The most impactful and self-evidently avant-garde presentation of Indocumentados had to be the site-specific performance piece by the Arrogante Albino collective, called De cómo alejar la culpa de tu casa (How to take the blame away from your home). The cast of about a dozen performed a tightly ritualistic, site-responsive, aromatic, visceral, durational, physically dirty, conceptually spotless, utterly contextual experience. With automated, athletic, and organic passages of movement, emotionally fraught group and solo vignettes, the generation of breeze and sound by the wielding of drenched clothing against cement walls and in pools of melted ice-water, and the deployment of props like balloons and fresh lavender, the piece unfurled in fits and starts, with frenzies and calms, over the course of hours. Like a symphony played on the space, the building’s bones were the instruments, its space was one more dancer among many to be choreographed. The mostly dark room partially opened onto the courtyard below, where gold-fringed chandeliers, disco lights, and a non-stop DJ were the perfect anomalous backdrop to this post-industrial fever dream, like a party at the end of the world.

As we went on to observe in myriad expressions throughout the city, adaptive reuse and creative re-purposing of both space and materials is as common as a garden gate in Guadalajara’s built environment. Everything from twisted metal to ancient stones and extant walls are (re)used in the never-ending construction of this ancient living city. There is not one single unremarkable edifice in the entire place. This context is key when it’s time to leave Indocumentados and venture out into the rest of the PreMaco universe. Nearby, the inaugural edition of the Campamento Design Fair held sway at the site of sumptuous old city mansions, whose lavish wood-paneled, finely marbled, and ivy-covered stone walls combined a sprawling artisanal picnic with an array of sleek, inventive furniture and appliance prototypes by emerging and regionally beloved designers.

Jose Davila | photos by Vianey Velarde

Sculptor Jose Davila  (a figure familiar to LA audiences, whose work can currently be experienced in a peripatetic public sculpture installation at various locations, facilitated by LAND) opened his studio for PreMaco attendees. Nestled along an unassuming industrial stretch, a small door opens into a rustic palace, with two work ad display galleries, a broad and sunny office, a lush interior courtyard, and a charming, well-stocked art library and meeting room all hidden from the street. Given the incorporation of extant walls and innovative interlocking chambers, it is not surprising to learn that Davila, who envisioned its transformation, trained as an architect himself. This is more than apparent also in his chosen mediums, startling recombinations of raw stone, glass, steel beams, chains, and other materials overtly culled from the realm of industry and construction. In fact, this penchant for reimaging the material and functional realm of architecture in fine art sculpture is quite prevalent among Latin American artists -- for what is rapidly becoming obvious reasons. Davila makes further reference to this trend as he describes one main benefit of living and working in Guadalajara, over and above the increasing connectedness of the international art world -- no matter what kind of craft or construction contracting he needs, in GDL it’s always just down the street; it’s everywhere, a source of support and of inspiration.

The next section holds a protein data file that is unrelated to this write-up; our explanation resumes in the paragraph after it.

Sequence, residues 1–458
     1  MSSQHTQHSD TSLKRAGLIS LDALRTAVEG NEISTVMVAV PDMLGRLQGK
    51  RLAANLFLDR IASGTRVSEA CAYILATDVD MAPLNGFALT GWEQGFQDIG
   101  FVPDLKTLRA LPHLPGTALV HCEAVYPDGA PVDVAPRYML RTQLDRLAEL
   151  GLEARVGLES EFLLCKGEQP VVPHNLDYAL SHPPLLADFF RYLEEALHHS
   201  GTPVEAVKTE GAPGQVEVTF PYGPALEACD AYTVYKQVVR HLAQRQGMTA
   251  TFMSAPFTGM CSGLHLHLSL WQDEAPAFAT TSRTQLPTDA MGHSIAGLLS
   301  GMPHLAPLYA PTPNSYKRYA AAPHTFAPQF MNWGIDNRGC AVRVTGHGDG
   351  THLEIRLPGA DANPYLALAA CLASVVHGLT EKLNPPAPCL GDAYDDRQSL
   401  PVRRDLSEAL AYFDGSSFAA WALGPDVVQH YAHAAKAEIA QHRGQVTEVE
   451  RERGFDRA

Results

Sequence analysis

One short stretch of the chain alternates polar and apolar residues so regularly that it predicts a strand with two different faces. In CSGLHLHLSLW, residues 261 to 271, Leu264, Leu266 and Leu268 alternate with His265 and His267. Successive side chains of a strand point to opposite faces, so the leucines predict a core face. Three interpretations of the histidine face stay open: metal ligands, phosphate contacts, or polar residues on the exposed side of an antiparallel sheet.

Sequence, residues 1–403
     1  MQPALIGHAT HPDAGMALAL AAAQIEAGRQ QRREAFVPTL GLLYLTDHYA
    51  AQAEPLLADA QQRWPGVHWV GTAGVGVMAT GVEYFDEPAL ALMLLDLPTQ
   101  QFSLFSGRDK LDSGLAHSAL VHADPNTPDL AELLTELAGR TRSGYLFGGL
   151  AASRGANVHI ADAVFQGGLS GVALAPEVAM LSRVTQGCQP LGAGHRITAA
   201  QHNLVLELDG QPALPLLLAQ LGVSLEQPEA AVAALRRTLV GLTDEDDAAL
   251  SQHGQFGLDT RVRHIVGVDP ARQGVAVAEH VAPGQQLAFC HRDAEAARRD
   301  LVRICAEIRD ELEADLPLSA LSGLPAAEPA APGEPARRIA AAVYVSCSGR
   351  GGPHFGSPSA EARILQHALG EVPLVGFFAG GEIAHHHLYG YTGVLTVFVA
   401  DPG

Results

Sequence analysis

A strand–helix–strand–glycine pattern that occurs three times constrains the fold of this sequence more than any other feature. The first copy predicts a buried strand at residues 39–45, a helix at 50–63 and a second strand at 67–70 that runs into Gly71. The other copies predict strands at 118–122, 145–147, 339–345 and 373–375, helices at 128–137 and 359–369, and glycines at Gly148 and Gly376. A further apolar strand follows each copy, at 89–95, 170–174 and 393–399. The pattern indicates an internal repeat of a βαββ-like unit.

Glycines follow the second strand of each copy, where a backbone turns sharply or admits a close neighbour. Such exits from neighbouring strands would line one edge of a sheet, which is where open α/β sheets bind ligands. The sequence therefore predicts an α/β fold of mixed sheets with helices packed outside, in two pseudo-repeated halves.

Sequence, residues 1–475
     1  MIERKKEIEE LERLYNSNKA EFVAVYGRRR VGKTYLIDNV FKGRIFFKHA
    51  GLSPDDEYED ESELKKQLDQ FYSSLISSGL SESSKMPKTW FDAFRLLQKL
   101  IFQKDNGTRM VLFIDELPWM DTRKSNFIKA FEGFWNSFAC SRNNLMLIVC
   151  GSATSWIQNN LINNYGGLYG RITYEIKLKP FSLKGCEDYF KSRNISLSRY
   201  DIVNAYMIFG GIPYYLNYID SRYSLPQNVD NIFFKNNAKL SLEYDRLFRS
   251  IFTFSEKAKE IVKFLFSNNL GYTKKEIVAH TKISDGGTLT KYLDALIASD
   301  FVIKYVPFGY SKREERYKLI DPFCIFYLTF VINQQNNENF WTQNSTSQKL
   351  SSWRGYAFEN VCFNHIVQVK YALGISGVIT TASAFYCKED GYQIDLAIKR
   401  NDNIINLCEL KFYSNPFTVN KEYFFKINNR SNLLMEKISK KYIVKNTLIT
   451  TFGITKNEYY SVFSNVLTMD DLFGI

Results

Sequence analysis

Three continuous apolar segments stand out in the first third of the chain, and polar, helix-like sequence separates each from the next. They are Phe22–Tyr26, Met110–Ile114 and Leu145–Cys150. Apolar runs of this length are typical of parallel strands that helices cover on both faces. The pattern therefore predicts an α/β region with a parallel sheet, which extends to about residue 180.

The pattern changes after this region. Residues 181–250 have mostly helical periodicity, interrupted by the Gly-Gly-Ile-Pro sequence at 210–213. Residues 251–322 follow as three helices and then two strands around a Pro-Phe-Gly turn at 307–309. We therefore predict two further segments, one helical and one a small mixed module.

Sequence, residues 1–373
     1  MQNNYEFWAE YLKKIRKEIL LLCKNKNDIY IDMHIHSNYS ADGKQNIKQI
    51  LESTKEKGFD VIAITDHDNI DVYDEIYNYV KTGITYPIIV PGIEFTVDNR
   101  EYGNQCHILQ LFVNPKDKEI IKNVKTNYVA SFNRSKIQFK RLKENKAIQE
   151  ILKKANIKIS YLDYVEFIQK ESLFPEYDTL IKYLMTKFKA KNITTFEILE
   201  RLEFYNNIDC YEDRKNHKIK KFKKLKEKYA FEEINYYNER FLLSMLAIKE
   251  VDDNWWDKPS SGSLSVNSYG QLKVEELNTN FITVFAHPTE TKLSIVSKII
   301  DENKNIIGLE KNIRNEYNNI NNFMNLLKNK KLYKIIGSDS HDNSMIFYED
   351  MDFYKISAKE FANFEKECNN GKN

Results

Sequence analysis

Jorge Pardo Ceramica Suro exterior | photoby Shana Nys Dambrot

Jorge Pardo Ceramica Suro exterior | photoby Shana Nys Dambrot

At several concurrent gallery shows these ideas proliferated through the local ethos: Emanuel Tovar’s video and sculpture performing the hoeing of cement trench at Paramo; Juan Lopez’s deftly rendered cement interventions at Tira el Blanco; Jorge Pardo’s lively geometrical handmade tile mural at Ceramica Suro; and Mateo Lopez’s suffuse, architecturally engaged minimalism at Travesia Cuatro.

Historic Luis Barragan home | photo by Shana Nys Dambrot

Historic Luis Barragan home | photo by Shana Nys Dambrot

Travesia Cuatro is located in an historic Luis Barragan house; and in fact Barragan is basically the patron saint of the city. Its breezy, bumpy, checkerboard inlaid, tree-lined streets are peppered with a notable density of examples of his Regionalist period, even as the skyline is punctuated by mammoth Brutalist bunkers of stolid beauty and surreal proportions. As glorious as Mexico City is, especially during Zsona Maco season, the appeal of GDL and the new tradition of PreMaco is its laid back elegance and contagious life-is-sweet, beauty-is-everywhere appreciation for the smallest detail, wrapped up in a knack for easy glamour and a taste for indelible history.

written by Shana Nys Dambrot